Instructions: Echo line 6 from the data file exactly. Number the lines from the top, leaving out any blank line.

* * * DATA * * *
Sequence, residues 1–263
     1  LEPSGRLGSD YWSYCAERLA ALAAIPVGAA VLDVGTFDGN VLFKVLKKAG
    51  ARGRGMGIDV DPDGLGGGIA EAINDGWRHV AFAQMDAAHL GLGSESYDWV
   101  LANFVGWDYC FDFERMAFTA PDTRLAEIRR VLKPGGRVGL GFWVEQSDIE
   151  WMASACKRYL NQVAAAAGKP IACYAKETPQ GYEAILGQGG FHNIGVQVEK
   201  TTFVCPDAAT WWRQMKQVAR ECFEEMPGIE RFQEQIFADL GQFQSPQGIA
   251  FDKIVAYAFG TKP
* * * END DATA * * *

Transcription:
   201  TTFVCPDAAT WWRQMKQVAR ECFEEMPGIE RFQEQIFADL GQFQSPQGIA